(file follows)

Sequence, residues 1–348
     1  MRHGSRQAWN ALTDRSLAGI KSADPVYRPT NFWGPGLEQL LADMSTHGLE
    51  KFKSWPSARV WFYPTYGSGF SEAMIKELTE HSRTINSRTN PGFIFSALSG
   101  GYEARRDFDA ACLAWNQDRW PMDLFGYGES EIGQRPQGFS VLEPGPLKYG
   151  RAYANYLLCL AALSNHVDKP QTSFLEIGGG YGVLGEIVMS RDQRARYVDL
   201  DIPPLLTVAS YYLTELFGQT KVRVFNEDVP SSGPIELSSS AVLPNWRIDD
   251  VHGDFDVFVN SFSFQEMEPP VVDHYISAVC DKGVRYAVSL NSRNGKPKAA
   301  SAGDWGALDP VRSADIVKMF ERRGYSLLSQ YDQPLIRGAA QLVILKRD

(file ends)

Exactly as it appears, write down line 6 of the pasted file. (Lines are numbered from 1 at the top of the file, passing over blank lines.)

   201  DIPPLLTVAS YYLTELFGQT KVRVFNEDVP SSGPIELSSS AVLPNWRIDD